Sunday, February 23, 2020

HumBug: Strategy

Posted By on Sun, Feb 23, 2020 at 1:41 PM

I had to remind myself it's still winter as I watched a mourning cloak (Nymphalis antiopa) and two smaller orange butterflies flutter by, too high and fast to get a photo of. The orange specimens were most likely rustic anglewings but there are several other locally common species which overwinter as adults, emerging on warm winter days. Painted ladies and tortoise shells, to name two.
In England, the mourning cloak, known as the Camberwell beauty, emerges from its winter hiding place to frolic on warm winter days. - PHOTO BY ANTHONY WESTKAMPER
  • Photo by Anthony Westkamper
  • In England, the mourning cloak, known as the Camberwell beauty, emerges from its winter hiding place to frolic on warm winter days.
Biology and entomological texts say this “strategy” gives species practicing it a jump start over others which spend the cold, barren months of winter completely dormant as eggs, larvae or pupas.

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Sunday, February 16, 2020

HumBug: Winter Insects

Posted By on Sun, Feb 16, 2020 at 11:10 AM

Walking along the road, I saw my first two milkmaids (Cardamine californica), the daffodil bulbs my friend gave me last fall, are starting to put up leaves and the pussy willows are budding out. They are all welcome reminders, spring is still in our future.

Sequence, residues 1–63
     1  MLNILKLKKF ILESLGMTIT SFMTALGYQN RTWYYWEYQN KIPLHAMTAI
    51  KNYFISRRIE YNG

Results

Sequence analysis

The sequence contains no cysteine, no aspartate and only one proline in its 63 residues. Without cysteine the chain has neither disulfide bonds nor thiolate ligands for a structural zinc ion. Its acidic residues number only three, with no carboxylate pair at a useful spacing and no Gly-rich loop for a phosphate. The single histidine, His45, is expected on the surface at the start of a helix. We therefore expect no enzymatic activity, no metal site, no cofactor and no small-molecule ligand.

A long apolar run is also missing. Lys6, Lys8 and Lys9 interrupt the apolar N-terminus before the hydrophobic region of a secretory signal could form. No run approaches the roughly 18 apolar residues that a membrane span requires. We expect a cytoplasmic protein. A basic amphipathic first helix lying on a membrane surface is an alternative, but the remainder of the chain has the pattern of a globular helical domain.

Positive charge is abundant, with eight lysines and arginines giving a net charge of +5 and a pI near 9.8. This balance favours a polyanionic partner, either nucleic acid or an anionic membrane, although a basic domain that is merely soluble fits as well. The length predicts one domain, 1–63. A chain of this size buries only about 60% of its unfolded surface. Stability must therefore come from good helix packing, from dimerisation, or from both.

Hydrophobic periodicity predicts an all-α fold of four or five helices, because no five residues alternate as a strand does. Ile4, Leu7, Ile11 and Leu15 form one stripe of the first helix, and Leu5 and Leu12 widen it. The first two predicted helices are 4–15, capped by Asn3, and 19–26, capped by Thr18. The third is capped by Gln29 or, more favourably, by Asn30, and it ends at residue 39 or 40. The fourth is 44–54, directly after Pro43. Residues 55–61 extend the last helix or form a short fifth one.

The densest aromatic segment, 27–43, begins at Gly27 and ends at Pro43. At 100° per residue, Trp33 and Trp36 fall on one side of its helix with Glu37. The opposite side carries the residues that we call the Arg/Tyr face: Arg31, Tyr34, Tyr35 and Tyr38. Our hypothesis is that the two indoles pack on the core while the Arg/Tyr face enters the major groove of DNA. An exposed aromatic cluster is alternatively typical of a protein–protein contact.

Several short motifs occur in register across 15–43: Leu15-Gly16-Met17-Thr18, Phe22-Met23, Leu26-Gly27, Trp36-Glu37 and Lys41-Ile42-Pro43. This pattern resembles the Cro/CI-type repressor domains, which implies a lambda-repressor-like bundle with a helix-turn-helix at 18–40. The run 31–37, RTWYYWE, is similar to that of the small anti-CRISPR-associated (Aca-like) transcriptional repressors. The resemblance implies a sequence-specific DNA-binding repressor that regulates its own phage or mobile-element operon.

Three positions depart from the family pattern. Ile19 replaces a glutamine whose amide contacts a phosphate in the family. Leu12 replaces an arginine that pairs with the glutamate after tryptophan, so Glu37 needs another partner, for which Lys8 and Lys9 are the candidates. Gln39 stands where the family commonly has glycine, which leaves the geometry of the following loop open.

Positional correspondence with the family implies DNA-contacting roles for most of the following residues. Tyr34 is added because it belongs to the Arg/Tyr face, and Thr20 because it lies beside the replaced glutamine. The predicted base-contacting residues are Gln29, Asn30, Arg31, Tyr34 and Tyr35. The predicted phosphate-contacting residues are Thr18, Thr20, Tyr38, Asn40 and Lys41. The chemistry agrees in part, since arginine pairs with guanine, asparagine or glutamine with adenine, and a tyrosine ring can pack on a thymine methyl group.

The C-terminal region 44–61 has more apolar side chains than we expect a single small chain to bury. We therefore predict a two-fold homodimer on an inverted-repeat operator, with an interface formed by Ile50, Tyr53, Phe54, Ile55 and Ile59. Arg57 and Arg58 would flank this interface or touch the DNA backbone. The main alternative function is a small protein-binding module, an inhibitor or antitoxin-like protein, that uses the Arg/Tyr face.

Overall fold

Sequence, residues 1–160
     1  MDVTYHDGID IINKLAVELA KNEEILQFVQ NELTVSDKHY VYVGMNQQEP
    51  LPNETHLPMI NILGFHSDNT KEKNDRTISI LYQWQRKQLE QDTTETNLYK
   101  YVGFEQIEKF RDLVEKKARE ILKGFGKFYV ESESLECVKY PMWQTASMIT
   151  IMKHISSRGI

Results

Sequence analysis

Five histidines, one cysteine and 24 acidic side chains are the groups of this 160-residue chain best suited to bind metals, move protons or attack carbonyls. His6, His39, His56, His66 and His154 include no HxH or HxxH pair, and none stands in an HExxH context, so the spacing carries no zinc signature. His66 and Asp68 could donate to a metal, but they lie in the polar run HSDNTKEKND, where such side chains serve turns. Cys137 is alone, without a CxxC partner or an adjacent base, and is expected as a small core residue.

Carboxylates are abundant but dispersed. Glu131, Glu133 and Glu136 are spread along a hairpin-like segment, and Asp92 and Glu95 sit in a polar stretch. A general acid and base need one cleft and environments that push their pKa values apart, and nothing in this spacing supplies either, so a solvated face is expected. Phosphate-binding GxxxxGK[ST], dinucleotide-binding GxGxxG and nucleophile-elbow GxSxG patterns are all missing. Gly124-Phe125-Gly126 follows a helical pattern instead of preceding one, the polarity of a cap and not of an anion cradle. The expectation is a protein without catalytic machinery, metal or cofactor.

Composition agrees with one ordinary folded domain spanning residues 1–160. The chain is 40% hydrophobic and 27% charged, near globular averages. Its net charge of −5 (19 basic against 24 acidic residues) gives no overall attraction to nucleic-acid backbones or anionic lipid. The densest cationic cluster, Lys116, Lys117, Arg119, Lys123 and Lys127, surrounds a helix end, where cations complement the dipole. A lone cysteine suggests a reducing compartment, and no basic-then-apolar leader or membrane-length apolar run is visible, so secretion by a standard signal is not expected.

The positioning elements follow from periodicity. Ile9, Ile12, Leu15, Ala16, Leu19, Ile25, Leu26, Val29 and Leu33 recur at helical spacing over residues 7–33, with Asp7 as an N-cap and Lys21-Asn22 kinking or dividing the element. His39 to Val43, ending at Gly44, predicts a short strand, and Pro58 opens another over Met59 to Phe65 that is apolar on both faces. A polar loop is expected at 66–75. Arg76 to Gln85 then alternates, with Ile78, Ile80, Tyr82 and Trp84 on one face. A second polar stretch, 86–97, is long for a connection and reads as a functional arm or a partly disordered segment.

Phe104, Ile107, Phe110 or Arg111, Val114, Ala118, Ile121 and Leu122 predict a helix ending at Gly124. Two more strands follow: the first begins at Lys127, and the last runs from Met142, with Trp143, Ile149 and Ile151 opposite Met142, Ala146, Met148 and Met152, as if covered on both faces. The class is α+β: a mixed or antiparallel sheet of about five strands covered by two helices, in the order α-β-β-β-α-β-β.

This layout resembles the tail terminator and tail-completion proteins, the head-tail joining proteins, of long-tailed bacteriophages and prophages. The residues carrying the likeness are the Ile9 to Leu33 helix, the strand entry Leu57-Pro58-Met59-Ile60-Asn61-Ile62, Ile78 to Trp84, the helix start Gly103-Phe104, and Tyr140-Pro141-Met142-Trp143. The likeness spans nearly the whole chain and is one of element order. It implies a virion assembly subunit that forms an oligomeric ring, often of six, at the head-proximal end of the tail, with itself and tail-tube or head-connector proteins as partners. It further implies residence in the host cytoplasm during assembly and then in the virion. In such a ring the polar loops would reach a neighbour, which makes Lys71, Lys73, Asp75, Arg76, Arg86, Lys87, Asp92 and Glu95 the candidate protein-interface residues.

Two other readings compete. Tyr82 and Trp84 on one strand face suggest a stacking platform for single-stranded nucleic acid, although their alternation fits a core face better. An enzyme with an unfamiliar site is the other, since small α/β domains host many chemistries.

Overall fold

Pussy willows are starting to bud out, even if not yet open for business. - PHOTO BY ANTHONY WESTKAMPER
  • Photo by Anthony Westkamper
  • Pussy willows are starting to bud out, even if not yet open for business.
Despite the coolness of the day, there were quite a few small wolf spiders and a few unidentified flies sunning themselves on rocks near the river.

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Sunday, February 2, 2020

HumBug: Worms, Ticks and Hand Sanitizer

Posted By on Sun, Feb 2, 2020 at 3:21 PM

During the damp months of the year, dozens of robins at a time visit my yard. They hop about, stopping, tilting their heads, then driving their beaks into the ground, sometimes pulling up an earthworm. This is an important component of their diet, sustaining them throughout the winter.
Robins hunt worms by listening: finding their prey by listening for the sounds of them tunneling through the dirt. - PHOTO BY ANTHONY WESTKAMPER
  • Photo by Anthony Westkamper
  • Robins hunt worms by listening: finding their prey by listening for the sounds of them tunneling through the dirt.
Any comprehensive study of ecology must include them. Digesters of organic waste, soil aerators and all-around good guys, they are at the base of many food chains.
It has been asserted that a healthy pasture contains a greater tonnage of worms beneath the surface than cattle above.

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